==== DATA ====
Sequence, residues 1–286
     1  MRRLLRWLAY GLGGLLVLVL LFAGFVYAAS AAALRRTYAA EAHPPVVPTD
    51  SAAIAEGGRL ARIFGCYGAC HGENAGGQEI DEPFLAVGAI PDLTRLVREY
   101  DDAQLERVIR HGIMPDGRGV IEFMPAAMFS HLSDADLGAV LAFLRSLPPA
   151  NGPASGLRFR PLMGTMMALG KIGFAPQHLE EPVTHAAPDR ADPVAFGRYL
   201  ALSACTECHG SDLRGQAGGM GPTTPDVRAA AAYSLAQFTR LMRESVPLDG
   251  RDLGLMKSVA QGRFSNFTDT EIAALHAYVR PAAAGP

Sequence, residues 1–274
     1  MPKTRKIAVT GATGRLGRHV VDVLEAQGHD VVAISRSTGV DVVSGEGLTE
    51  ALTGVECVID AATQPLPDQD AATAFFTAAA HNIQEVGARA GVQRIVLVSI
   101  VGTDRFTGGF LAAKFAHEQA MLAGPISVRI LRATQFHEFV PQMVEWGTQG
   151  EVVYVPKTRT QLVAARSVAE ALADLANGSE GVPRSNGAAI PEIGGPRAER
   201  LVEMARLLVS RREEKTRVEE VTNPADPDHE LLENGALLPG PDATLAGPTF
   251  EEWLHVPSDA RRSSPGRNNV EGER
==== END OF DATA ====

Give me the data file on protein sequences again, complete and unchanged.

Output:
Sequence, residues 1–286
     1  MRRLLRWLAY GLGGLLVLVL LFAGFVYAAS AAALRRTYAA EAHPPVVPTD
    51  SAAIAEGGRL ARIFGCYGAC HGENAGGQEI DEPFLAVGAI PDLTRLVREY
   101  DDAQLERVIR HGIMPDGRGV IEFMPAAMFS HLSDADLGAV LAFLRSLPPA
   151  NGPASGLRFR PLMGTMMALG KIGFAPQHLE EPVTHAAPDR ADPVAFGRYL
   201  ALSACTECHG SDLRGQAGGM GPTTPDVRAA AAYSLAQFTR LMRESVPLDG
   251  RDLGLMKSVA QGRFSNFTDT EIAALHAYVR PAAAGP

Sequence, residues 1–274
     1  MPKTRKIAVT GATGRLGRHV VDVLEAQGHD VVAISRSTGV DVVSGEGLTE
    51  ALTGVECVID AATQPLPDQD AATAFFTAAA HNIQEVGARA GVQRIVLVSI
   101  VGTDRFTGGF LAAKFAHEQA MLAGPISVRI LRATQFHEFV PQMVEWGTQG
   151  EVVYVPKTRT QLVAARSVAE ALADLANGSE GVPRSNGAAI PEIGGPRAER
   201  LVEMARLLVS RREEKTRVEE VTNPADPDHE LLENGALLPG PDATLAGPTF
   251  EEWLHVPSDA RRSSPGRNNV EGER